Originally Posted by acdronin
yeah, there's an historical Japanese internment camp site called Manzanar along that route I've wanted to visit.
Manzanar is a pretty powerful place. I've been three times.
Those in the camps built a small park. Although it hasn't been restored, you get an idea for what it was and what it meant to the internees.
The camp was quite large. Filled with these barracks and a camouflage net factory. Those in the camps voluntarily contributed to the war effort by making camo nets and growing a significant amount of their own food-you have to admire that given these people lost everything and lived in conditions that were less than comfortable in winter or summer.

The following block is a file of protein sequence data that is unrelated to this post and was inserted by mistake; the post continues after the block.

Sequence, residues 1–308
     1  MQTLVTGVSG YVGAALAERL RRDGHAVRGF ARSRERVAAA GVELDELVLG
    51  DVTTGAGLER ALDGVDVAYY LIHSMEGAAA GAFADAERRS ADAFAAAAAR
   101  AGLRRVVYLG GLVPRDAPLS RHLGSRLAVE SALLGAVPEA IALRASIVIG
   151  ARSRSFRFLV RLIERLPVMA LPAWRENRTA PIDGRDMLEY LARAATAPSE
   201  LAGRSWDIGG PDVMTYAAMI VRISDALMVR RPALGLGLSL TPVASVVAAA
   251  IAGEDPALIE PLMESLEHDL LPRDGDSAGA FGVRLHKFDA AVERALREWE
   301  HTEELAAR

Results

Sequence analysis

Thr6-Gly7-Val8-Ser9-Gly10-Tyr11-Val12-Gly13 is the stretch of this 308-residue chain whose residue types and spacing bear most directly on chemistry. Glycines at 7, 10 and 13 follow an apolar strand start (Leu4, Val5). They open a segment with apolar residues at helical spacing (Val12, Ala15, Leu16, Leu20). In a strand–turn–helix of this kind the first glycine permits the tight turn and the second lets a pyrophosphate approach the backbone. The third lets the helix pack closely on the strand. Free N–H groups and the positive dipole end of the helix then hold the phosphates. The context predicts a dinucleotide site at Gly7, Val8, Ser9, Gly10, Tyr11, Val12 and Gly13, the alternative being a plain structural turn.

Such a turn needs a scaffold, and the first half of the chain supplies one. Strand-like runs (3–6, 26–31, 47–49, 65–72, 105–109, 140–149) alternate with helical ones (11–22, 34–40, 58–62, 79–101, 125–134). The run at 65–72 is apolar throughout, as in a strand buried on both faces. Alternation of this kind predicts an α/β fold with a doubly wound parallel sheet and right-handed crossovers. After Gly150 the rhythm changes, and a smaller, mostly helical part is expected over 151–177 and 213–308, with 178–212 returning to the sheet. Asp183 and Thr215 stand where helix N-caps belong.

This monument sits in the cemetery which is located outside the wire fencing. It's significant in that those who were buried there would at least be free. All but six of those buried have been returned to their families. The priest who ministered to the internees was cremated and his ashes spread in the mountains beyond the camp.
This man was a child in the camp. He was visiting with his wife and he was gracious enough to speak with us. The most powerful thing he said was that life had given his family lemons and they chose to make lemonade. His wife seemed pretty bitter about it (she was a Caucasian woman).
I have learned a lot from my visits and can honestly say it's worth taking the driving tour and spending some time in the visitor center.